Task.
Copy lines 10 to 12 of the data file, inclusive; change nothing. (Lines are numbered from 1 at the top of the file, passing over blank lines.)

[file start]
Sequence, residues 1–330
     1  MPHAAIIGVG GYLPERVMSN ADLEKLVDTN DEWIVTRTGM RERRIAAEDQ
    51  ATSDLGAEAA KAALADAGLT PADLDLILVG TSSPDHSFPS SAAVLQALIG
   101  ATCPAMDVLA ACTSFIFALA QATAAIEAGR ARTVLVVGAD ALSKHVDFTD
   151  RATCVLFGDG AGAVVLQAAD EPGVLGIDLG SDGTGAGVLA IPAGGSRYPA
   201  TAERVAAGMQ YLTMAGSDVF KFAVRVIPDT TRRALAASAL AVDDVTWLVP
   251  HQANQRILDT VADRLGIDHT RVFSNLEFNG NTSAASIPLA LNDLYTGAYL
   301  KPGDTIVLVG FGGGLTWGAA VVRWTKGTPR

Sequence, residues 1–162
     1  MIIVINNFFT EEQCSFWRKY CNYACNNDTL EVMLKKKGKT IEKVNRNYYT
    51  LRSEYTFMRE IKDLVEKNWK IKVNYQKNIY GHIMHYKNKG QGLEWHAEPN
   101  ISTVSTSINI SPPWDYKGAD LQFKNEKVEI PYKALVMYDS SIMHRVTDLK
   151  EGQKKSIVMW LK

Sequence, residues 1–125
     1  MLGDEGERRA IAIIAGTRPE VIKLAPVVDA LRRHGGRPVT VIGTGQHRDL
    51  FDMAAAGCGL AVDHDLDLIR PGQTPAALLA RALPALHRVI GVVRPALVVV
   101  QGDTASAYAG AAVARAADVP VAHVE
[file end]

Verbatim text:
     1  MIIVINNFFT EEQCSFWRKY CNYACNNDTL EVMLKKKGKT IEKVNRNYYT
    51  LRSEYTFMRE IKDLVEKNWK IKVNYQKNIY GHIMHYKNKG QGLEWHAEPN
   101  ISTVSTSINI SPPWDYKGAD LQFKNEKVEI PYKALVMYDS SIMHRVTDLK